Utilize Networking and Recruiters

If you're looking for a job, Moore believes, "personal networks are key." He also advises people to "partner" with recruitment firms that can market their skill sets, particularly for those candidates who want to move to another industry.

"If you are in a situation where you don't have a job, it is important to be in front of as many people as possible," Moore says. "If you do have a job, partner with a recruitment firm, and keep working hard at the job you have now."

In the long run, Landers sees the current market disruption leading to greater opportunities. He cites foreign financial firms like Barclays that are buying devalued U.S. assets.

"This is a realignment of Wall Street, a change of Wall Street," he says. "The dinosaurs are becoming extinct, but overall it is probably going to end up helping the (job) market, much like Sarbanes-Oxley helped (increase) demand for accounting professionals."

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AUTHORJames Ambrosio Insider Comment
  • nf
    nfung21618
    24 October 2008

    Certain basic concepts are dead wrong misleading the publie to the point of economic diaster. How can investment banks and mortgage bankers be allowed to call themselves officially 'banks' when they 'don't take deposits and make loans', misleading and cheating gthe public. The state banking department allows it. The Fed allows it. The Treasury allows it. The Senate and Congress allow it. The American public allows it. So we all suffer at the hands of the so called investment banks, mortgage bankers and their greedy CEOs.. The overly politically minded Senate and Congres are both wrong by turning a blind eye to it so long as Wall Street makes money and they ( S and C) make money from the stocks. The basics are wrong. These once knowledgeable and honorable institutions and lawmakers make costly mistakes that the entire nation suffers now and in next ten years to come, at least. Even as the bailout plan (some kind of a plan is betten than no plan) was present for consideration, politics was at work without the slightest thought for the suffering American public.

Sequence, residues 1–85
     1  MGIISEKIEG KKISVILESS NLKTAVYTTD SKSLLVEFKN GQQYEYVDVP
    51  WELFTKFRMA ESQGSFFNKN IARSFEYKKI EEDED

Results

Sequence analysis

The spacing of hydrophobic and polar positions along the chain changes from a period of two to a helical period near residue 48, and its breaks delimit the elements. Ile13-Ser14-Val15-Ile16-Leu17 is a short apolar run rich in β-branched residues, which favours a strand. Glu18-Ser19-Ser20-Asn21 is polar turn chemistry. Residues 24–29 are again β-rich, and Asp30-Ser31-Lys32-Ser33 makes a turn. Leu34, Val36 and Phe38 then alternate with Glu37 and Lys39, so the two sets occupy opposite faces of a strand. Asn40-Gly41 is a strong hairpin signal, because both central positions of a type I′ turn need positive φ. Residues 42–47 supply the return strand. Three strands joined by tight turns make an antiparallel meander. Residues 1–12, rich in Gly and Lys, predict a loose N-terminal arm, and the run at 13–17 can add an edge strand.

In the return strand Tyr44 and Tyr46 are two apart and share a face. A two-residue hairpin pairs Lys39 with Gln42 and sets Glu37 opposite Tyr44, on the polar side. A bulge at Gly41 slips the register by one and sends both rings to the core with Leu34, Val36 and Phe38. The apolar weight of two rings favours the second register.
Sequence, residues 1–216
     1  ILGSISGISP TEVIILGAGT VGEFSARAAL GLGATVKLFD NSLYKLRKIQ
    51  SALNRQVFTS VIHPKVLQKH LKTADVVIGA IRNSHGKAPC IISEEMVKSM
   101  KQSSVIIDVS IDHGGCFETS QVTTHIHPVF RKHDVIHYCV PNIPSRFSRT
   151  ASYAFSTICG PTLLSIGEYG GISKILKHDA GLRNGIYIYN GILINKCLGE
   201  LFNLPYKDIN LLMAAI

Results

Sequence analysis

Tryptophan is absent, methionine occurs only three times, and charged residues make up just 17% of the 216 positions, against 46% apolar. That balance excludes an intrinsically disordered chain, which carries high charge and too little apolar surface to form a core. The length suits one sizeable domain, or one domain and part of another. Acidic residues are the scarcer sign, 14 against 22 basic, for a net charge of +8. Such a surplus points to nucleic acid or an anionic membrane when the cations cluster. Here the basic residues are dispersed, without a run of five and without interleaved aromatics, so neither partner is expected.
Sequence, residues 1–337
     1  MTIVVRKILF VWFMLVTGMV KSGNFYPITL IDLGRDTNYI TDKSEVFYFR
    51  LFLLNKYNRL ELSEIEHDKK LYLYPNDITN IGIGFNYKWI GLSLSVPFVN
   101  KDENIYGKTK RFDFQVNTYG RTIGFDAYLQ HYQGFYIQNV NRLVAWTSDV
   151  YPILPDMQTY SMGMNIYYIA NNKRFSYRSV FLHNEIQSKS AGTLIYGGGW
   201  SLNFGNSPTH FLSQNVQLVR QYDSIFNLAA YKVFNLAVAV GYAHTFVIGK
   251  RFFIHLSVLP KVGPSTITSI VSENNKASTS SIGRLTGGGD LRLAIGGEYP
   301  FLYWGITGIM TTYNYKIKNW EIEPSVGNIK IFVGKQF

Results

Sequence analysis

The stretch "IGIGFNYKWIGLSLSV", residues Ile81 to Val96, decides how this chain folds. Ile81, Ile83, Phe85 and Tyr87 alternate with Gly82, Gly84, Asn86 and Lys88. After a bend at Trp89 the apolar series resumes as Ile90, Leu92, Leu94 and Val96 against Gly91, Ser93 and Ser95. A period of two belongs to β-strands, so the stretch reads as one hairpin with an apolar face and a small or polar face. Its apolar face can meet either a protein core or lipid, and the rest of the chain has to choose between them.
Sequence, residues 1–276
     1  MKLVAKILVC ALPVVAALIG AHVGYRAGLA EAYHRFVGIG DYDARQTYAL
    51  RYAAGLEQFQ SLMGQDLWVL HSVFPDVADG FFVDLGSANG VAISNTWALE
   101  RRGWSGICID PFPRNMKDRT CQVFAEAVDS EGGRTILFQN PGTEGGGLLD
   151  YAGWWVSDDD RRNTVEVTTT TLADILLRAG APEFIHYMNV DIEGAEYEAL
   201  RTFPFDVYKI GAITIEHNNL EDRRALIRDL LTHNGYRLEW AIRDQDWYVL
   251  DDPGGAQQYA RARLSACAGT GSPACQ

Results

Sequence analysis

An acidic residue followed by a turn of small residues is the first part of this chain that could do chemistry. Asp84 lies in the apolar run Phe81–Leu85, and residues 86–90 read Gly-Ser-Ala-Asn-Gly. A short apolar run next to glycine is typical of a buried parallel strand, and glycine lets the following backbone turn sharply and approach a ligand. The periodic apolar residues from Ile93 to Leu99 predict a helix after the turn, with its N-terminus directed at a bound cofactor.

Let' get down to the basics, not politics. It's sad!

    Nicholas Fung email:nfung21617@aol.com

  • nf
    nfung21618
    24 October 2008

    Sarbanes-Oxley, sucks honestly sucks, adding an inapproriate burden of accounting work that have not enhanced company governance. Yes, creating accounting jobs (on a personal basis) but preventing foreign companies from coming in (with economic mulipler effects). If Americans believe in globalization, this law is defeating the noble concept. US has not been fairly represented by foreign companies, whose strength can be a part of the supporting backbone of the stubborn US economy not learning economy.. Corporate governance did not improve. The bigger the company, the more current Wall Street fiasco in which, the US government as a whole, the Treasury as a whole, the Fed as a whole, the banking industry as a whole, the Security industry as a whole, the residential mortgage industry as a whole, etc,.etc, all stood by doing nothing at a total loss of wits, not knowing what to do with all the resources at hand, and blindly waiting for the worst to happen or a savior the next day. Certain banking concepts are wrong. How can investment banks and mortgage bankers be banks when they don't make deposit